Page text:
Your Complete 2020 Guide for Numerical Reasoning Test Formulas
Updated: September 29, 2020
Your complete list of formulas for Numerical Reasoning tests.
Here you can download the PDF version of our numerical reasoning test formulas.
Numerical Reasoning Practise Tests
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Introduction to our Numerical Test Formulas
Numerical Reasoning tests are primarily filled with questions that only require basic maths skills, but there are still some techniques and formulas you must know to quickly and accurately navigate yourself through these tests.
Don't worry there's nothing too complex you will need to know, and you can even keep this resource handy when taking your test (if it's online).
The average, or 'mean', is found by adding up all the values in the dataset and dividing the total by the number of values.
So now we know that the average is the sum of the values divided by the number of values, let's put this to test in a practise question:
Q: What is the average of the following dataset?
Data set: 4, 27, 60, 90, 133
As per above, you will find the correct answer is 62.8.
There are also Weighted Averages
You may be fooled into thinking the question is simply asking you to perform a standard average calculation, but weighted averages are different.
Weighted averages take into account varying levels of importance for numbers in the dataset. The most common ones you will face in a numerical reasoning test will be where you must find the average of maybe to branches of a company or results from a test.
Once again let's put this to practise with an example question:
Q: 15 school children take a test and score an average of 70% between them. The next day 5 more children take the same test and score an average of 80%. What is the combined average score for all these children?
Now it may seem tempting to say the average is 75% because the two averages are 70 and 80. However, this doesnt consider the weight of the averages. There are 15 children who make up the 70% average, compared with 5 generating the 80% average, and so this larger number of values must be taken into account and weighted accordingly.
Percent literally means ‘per 100’. When we work out percentages, we are presenting a number as parts per hundred.
We calculate percentages by dividing the value by the total, and multiplying the answer by 100.
Hopefully, this is easy for you, the real difficulty with percentages arises when we must work out percentage changes and increases/decreases.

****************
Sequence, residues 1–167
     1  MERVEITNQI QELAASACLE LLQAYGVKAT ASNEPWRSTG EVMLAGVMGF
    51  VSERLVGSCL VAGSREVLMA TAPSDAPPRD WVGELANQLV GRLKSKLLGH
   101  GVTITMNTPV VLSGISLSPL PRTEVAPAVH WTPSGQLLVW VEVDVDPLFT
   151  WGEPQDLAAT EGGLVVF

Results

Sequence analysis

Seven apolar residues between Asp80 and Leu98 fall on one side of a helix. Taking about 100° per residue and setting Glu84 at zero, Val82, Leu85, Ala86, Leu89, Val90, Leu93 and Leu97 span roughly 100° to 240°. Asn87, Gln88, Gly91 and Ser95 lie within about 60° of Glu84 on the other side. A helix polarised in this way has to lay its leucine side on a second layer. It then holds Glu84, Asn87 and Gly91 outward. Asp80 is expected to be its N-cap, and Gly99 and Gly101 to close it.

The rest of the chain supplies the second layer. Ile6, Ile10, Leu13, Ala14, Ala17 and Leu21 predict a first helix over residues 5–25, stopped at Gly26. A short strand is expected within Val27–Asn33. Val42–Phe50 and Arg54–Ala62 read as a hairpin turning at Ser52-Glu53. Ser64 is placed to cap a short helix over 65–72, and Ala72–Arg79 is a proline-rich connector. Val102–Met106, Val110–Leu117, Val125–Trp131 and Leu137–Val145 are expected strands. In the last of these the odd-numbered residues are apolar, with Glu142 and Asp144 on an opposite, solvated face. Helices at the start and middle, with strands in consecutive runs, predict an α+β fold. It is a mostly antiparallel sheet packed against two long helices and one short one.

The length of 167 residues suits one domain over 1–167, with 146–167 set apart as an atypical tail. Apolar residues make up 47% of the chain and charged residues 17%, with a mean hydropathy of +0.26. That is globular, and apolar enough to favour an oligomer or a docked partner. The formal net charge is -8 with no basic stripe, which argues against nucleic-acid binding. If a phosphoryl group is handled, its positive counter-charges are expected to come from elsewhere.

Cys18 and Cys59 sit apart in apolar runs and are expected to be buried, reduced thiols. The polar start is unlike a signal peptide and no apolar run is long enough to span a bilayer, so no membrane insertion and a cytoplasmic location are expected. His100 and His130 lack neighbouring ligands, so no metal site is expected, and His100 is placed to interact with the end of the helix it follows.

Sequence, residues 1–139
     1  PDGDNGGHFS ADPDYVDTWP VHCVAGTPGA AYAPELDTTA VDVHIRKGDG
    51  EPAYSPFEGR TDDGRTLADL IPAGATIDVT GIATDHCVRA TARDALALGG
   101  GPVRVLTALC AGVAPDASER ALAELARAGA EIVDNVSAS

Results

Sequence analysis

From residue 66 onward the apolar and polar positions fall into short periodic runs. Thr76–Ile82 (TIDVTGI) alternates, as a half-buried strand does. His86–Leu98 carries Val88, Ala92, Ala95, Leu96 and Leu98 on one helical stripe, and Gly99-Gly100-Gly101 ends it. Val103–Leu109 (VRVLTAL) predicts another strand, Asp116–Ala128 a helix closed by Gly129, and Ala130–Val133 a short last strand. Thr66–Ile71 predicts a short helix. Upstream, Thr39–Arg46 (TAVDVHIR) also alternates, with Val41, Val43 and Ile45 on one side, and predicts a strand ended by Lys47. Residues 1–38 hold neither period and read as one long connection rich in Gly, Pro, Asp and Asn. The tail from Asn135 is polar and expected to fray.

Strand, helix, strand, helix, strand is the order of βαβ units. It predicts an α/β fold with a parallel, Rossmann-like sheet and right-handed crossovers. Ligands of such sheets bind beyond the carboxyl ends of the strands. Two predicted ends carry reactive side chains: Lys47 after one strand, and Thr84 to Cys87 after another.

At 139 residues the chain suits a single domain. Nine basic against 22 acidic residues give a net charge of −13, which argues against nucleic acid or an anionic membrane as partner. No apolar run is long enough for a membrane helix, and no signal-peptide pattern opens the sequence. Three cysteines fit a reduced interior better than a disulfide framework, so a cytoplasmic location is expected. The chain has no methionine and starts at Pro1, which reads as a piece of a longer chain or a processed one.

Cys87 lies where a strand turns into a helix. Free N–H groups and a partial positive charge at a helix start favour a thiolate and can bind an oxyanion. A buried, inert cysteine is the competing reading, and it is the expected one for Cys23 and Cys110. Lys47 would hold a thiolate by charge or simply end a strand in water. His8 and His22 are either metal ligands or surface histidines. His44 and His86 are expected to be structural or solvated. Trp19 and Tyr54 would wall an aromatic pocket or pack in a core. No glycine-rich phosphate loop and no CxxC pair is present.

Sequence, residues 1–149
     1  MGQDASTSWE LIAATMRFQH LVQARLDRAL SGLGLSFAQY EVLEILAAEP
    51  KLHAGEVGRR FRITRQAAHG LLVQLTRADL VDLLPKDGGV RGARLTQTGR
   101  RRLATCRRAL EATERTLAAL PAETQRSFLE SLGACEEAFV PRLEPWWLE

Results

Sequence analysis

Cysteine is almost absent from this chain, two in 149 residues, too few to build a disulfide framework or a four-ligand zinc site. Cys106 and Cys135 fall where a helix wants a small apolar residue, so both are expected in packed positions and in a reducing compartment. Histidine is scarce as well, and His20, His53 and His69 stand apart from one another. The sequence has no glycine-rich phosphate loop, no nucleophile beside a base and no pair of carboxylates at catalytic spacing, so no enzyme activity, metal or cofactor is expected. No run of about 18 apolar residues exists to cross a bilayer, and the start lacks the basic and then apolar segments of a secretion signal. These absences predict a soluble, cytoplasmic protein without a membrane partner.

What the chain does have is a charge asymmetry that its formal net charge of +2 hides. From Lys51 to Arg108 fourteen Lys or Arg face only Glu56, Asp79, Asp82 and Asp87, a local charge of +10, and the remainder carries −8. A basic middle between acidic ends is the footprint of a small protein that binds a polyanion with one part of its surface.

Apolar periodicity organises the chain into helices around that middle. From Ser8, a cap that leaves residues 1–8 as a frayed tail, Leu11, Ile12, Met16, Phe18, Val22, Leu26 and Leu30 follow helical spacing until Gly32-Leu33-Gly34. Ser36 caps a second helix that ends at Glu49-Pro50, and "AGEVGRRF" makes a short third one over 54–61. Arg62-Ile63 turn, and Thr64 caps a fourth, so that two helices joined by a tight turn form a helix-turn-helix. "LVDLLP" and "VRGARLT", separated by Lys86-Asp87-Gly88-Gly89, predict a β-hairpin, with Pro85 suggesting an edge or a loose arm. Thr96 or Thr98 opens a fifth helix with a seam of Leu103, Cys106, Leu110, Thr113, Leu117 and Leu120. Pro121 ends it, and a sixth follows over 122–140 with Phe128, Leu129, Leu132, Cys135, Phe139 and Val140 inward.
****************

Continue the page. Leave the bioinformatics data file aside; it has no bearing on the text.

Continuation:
Percentage Change (Increase)
So let's go through an example question to see this in practise:
Q: Sales have risen from 130 to 160 in 6 months. What is the percentage change in sales over the 6 months?
To double check our answer, we can take the original number and multiply it by (new number / original number)
130 x 1.231 = 160.0… as this is the new sales number, we know we are correct.
Percentage Change (Decrease)
Percentage Decreases are very similar to increases. If we use the first percentage change formula above and the answer we get is a negative number, then this tells us that it is in fact a percentage decrease! So if you are unsure about anything, use the formula above first and it will help tell you whether the change is an increase or a decrease.
So let's reverse the previous question:
Q: Sales have fallen from 160 to 130 in 6 months. What is the percentage change?
This will look very similar but this time the top of the equatin will be reversed, whereby we subtract 160 from 130.
Then once we plug in the information for the rest of the formula and work it out, we end up with a result of -18.75%.
We can double check this again by multiplying our original number by (new number / original number)
This will result in the calculation: 160 x 0.8125 = 130
Percentage Increase and Decrease
To work out the new value of something after a percentage increase/decrease there is a simple calculation to follow.
The increase and decrease value is worked out where 1 is 100%. Therefore, with a 30% change, the value we would use is 0.3. So we would be either subtracting or adding 0.3 from 1.
Q: This month's sales increased 25% from last month's 400 sales. How many sales were there this month?
As the increase is 25%, this will become 0.25 in our formula. New value = (1+0.25) x 400.
The new sales figures will be 500.
These can commonly be the ones that catch people out, because they know how to calculate the new value after a percentage increase or decrease, but don't know how to calculate the original value after a percentage increase or decrease has occured.
Let's go through a question...
Q: A shirt is on sale at £40 after a 20% reduction. What was the original sale price?
You can see how you can easily be perplexed by this question, trying to work out how to use a standard percentage change formula.
Instead we will use the reverse percentage formula for percentage decreases.
New value = 40 / (1 - 0.20) = 50.
So the original price of the shirt pre-reduction was £50.
The last formula we will look at is for ratios.
A ratio tells us how many of one thing there is compared to another.
Use the formula below, where the ratio is Y:Z.
To see this in action, lets use the following question:
Q: There are a total of 80 marbles. The ratio of green marbles to black marbles is 7:3. How many green marbles are there?
Using the formula we can do the following calculation:
Re-arrange the formula appropriately depending on what values are available to you
And there you have it! That's our top numerical reasoning formula cheat sheet that will help you out of a bind when you take your numerical reasoning test.
Now that you have the all important formulas for numerical reasoning success, it's important that you practise using them.
Results of people’s performance before and after practice show improvements of up to 30%
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